The FBI, the United States Attorney’s Office for the District of Maine, and the Portland Police Department are proud to announce the successful recovery of the remaining two N.C. Wyeth paintings that were stolen from a Portland, Maine businessman in 2013. The paintings are identified as “The Encounter on Freshwater Cliff” and “Go Dutton, and That Right Speedily.” To date, no reward money has been requested and no additional arrests have been made. However, the FBI’s investigation into the theft remains active and ongoing.
The FBI recovered both of the paintings on Friday, October 9, 2015, when a third party surrendered them to retired FBI agent Jim Siracusa in the greater Boston area. That individual, who wishes to remain anonymous, directed Mr. Siracusa to turn the artwork over to the FBI, which for months has been aggressively working towards its successful recovery.
Both paintings were found in good condition inside cardboard boxes and in their original frames.
The four other paintings that were stolen were recovered by the FBI in Los Angeles last December.
The criminal investigation into the robbery was initiated in June 2013 after the Portland Police Department requested the FBI’s assistance in investigating the theft of six N.C. Wyeth paintings. It is believed to be one of the most significant thefts in the history of the state of Maine.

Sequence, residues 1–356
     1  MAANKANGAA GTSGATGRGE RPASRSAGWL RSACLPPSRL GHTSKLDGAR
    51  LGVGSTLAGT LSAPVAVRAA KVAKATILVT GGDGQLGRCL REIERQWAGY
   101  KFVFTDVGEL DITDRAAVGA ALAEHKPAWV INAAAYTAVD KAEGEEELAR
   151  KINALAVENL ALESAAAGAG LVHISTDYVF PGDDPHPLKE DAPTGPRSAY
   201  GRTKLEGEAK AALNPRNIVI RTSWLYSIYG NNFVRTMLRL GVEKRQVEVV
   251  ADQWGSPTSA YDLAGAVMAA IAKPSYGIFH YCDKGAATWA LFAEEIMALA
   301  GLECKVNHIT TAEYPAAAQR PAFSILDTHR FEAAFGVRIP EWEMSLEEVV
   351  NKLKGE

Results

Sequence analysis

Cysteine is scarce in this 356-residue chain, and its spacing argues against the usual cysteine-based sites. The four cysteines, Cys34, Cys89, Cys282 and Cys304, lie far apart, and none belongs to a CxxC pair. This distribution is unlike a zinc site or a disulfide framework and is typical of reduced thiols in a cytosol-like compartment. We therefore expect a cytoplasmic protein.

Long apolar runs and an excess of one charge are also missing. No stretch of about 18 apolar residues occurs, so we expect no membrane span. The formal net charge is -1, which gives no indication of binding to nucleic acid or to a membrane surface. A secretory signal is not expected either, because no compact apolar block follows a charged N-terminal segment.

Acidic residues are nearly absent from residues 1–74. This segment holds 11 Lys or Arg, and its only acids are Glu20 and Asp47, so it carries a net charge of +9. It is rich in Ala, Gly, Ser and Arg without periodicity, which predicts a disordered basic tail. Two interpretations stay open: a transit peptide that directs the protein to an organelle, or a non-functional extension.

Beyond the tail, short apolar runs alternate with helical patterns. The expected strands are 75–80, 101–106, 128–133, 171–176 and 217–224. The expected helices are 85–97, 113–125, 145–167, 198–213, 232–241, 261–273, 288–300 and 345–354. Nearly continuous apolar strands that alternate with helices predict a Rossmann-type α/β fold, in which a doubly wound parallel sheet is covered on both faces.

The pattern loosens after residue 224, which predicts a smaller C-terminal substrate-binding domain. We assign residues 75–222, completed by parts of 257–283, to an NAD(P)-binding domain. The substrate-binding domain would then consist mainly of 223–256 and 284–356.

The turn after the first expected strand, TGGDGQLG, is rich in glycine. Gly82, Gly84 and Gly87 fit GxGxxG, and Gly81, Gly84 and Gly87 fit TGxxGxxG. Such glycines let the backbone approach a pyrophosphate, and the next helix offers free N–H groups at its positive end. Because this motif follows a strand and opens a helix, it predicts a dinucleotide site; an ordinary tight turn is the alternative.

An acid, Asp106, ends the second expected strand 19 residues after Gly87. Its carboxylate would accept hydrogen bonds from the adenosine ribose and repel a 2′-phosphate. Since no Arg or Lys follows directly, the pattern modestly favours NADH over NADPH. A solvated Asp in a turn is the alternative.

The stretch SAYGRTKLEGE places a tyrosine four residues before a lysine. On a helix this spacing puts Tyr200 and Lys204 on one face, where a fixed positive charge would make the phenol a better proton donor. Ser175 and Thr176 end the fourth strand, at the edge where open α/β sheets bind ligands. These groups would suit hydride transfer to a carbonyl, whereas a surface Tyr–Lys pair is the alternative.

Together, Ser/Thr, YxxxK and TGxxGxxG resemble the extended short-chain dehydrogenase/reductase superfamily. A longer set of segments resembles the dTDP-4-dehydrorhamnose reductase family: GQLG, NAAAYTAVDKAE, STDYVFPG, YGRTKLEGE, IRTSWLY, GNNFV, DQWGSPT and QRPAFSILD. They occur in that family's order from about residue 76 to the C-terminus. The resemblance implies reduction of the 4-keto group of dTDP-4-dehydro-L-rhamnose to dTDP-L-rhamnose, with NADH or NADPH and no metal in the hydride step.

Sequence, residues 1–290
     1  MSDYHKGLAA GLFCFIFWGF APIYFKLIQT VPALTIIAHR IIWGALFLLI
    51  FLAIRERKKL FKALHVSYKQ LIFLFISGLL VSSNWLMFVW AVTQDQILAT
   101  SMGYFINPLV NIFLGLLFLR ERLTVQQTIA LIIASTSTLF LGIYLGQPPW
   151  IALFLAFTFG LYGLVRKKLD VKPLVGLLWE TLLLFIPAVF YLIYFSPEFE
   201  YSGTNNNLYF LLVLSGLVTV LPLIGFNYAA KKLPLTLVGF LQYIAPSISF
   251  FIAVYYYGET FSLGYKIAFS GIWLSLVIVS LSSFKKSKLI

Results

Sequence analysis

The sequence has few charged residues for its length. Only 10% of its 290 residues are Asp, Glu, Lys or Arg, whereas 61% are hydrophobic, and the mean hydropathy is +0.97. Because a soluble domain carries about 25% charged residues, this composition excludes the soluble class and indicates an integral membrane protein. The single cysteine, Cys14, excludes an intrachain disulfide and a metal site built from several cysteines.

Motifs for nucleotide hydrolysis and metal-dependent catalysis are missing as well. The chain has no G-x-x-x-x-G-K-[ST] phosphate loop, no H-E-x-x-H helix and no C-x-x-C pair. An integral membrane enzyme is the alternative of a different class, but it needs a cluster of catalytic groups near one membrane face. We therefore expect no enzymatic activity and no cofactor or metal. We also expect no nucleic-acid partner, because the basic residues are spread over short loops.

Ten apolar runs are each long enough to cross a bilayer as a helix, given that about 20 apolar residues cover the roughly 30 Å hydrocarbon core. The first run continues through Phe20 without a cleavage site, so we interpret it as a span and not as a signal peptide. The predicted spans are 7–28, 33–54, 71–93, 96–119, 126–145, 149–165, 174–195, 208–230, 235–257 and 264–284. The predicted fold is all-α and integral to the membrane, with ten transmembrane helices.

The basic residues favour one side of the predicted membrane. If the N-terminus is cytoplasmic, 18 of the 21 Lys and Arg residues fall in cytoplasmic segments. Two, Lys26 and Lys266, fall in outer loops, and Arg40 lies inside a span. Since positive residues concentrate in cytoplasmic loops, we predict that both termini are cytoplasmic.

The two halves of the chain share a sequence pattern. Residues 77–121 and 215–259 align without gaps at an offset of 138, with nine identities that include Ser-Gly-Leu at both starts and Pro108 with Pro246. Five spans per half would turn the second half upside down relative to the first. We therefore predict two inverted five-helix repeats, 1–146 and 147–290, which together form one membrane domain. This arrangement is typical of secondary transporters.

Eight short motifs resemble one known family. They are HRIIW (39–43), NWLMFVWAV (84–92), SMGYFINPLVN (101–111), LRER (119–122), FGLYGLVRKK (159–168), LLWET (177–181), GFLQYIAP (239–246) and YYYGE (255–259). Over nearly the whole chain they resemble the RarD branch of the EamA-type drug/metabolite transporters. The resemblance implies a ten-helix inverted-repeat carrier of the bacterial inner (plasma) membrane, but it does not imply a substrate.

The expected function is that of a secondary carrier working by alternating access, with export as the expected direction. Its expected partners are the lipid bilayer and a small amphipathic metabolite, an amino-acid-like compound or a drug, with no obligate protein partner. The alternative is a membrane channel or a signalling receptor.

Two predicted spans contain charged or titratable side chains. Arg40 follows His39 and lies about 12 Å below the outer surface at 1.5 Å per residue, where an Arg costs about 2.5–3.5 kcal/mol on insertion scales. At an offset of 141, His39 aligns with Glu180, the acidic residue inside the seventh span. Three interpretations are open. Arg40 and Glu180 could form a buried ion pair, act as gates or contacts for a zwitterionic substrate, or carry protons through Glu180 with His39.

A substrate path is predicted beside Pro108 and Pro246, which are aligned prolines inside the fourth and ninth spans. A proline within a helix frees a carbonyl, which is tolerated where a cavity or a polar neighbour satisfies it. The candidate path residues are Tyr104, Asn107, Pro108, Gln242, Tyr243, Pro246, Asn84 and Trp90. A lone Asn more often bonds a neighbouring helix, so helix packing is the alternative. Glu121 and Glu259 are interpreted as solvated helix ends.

In November 2014, after a lengthy investigation, the FBI in Portland requested assistance from the FBI in Los Angeles after it obtained information indicating the stolen paintings had been transported to that area. In December, the FBI’s Los Angeles Division recovered four of the paintings at a pawnshop in Beverly Hills. To date, three individuals, Lawrence Estrella, Oscar Leroy Roberts, and Dean Coroniti, have been charged in connection with this investigation.
Estrella, 65, of Worcester, Massachusetts, pleaded guilty to Interstate Transportation of Stolen Property on February 20, 2015. He was sentenced in the United States District Court in Portland, Maine to 92 months in prison to be followed by three years of supervised release. According to court records, Estrella transported four of the six stolen paintings to California in an effort to sell them. Law enforcement officers in California located his vehicle in the parking lot of a hotel in North Hollywood. Estrella’s room at the hotel was searched and a firearm was located, but no paintings were found.
Roberts, 37, of North Hollywood, California, the man who used the stolen paintings to secure a loan from the Beverly Hills pawn shop, pleaded guilty on February 2, 2015 and was sentenced on April 29, 2015 to serve 28 months in federal prison.
Coroniti, 55, also of North Hollywood (and formerly of Boston) also pleaded guilty to possession of stolen property on March 19, 2015. He is scheduled to be sentenced in December.
At the owner’s request, the recovered artwork will remain in possession of the Portland Museum of Art for visitors to enjoy. For more information about the upcoming exhibit, call 207-775-6148 or visit www.portlandmuseum.org.
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